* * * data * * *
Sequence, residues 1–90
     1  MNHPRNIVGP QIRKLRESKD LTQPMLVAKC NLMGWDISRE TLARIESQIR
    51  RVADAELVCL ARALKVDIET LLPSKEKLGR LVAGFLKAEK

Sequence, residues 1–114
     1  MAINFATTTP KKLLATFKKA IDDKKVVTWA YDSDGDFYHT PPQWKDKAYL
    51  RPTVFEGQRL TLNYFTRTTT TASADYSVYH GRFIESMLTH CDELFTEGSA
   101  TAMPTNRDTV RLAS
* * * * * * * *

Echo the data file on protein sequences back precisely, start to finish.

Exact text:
Sequence, residues 1–90
     1  MNHPRNIVGP QIRKLRESKD LTQPMLVAKC NLMGWDISRE TLARIESQIR
    51  RVADAELVCL ARALKVDIET LLPSKEKLGR LVAGFLKAEK

Sequence, residues 1–114
     1  MAINFATTTP KKLLATFKKA IDDKKVVTWA YDSDGDFYHT PPQWKDKAYL
    51  RPTVFEGQRL TLNYFTRTTT TASADYSVYH GRFIESMLTH CDELFTEGSA
   101  TAMPTNRDTV RLAS